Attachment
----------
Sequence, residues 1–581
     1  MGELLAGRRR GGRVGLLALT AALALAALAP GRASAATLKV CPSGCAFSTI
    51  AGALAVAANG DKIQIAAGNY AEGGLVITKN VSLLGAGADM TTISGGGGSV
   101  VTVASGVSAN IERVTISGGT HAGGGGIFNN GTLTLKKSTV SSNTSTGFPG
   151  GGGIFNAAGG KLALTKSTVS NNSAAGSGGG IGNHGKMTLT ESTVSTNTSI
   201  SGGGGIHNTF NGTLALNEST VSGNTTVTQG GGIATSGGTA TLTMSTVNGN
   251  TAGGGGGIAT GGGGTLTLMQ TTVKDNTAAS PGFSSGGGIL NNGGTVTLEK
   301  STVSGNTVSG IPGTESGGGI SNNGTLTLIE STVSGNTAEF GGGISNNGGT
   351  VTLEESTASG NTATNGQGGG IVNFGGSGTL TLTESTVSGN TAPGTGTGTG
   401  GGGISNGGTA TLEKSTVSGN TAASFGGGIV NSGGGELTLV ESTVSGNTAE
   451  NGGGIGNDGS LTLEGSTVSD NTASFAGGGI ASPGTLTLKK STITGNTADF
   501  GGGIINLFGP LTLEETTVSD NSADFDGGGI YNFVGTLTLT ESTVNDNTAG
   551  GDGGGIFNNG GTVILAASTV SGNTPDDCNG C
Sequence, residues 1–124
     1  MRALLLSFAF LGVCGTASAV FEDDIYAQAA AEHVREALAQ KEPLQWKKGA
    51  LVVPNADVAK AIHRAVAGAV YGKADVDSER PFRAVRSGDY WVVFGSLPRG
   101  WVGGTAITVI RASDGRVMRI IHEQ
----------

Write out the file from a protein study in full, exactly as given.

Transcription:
Sequence, residues 1–581
     1  MGELLAGRRR GGRVGLLALT AALALAALAP GRASAATLKV CPSGCAFSTI
    51  AGALAVAANG DKIQIAAGNY AEGGLVITKN VSLLGAGADM TTISGGGGSV
   101  VTVASGVSAN IERVTISGGT HAGGGGIFNN GTLTLKKSTV SSNTSTGFPG
   151  GGGIFNAAGG KLALTKSTVS NNSAAGSGGG IGNHGKMTLT ESTVSTNTSI
   201  SGGGGIHNTF NGTLALNEST VSGNTTVTQG GGIATSGGTA TLTMSTVNGN
   251  TAGGGGGIAT GGGGTLTLMQ TTVKDNTAAS PGFSSGGGIL NNGGTVTLEK
   301  STVSGNTVSG IPGTESGGGI SNNGTLTLIE STVSGNTAEF GGGISNNGGT
   351  VTLEESTASG NTATNGQGGG IVNFGGSGTL TLTESTVSGN TAPGTGTGTG
   401  GGGISNGGTA TLEKSTVSGN TAASFGGGIV NSGGGELTLV ESTVSGNTAE
   451  NGGGIGNDGS LTLEGSTVSD NTASFAGGGI ASPGTLTLKK STITGNTADF
   501  GGGIINLFGP LTLEETTVSD NSADFDGGGI YNFVGTLTLT ESTVNDNTAG
   551  GDGGGIFNNG GTVILAASTV SGNTPDDCNG C
Sequence, residues 1–124
     1  MRALLLSFAF LGVCGTASAV FEDDIYAQAA AEHVREALAQ KEPLQWKKGA
    51  LVVPNADVAK AIHRAVAGAV YGKADVDSER PFRAVRSGDY WVVFGSLPRG
   101  WVGGTAITVI RASDGRVMRI IHEQ